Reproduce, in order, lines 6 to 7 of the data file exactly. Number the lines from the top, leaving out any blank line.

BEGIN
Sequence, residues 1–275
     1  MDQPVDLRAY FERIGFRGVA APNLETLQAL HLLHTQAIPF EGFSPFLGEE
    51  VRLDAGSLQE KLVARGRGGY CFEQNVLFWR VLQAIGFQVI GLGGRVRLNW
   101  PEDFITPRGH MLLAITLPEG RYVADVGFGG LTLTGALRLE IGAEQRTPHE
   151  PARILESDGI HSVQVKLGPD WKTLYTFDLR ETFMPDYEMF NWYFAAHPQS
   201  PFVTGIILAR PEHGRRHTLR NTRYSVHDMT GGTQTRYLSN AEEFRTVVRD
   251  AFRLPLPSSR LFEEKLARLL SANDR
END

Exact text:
   201  PFVTGIILAR PEHGRRHTLR NTRYSVHDMT GGTQTRYLSN AEEFRTVVRD
   251  AFRLPLPSSR LFEEKLARLL SANDR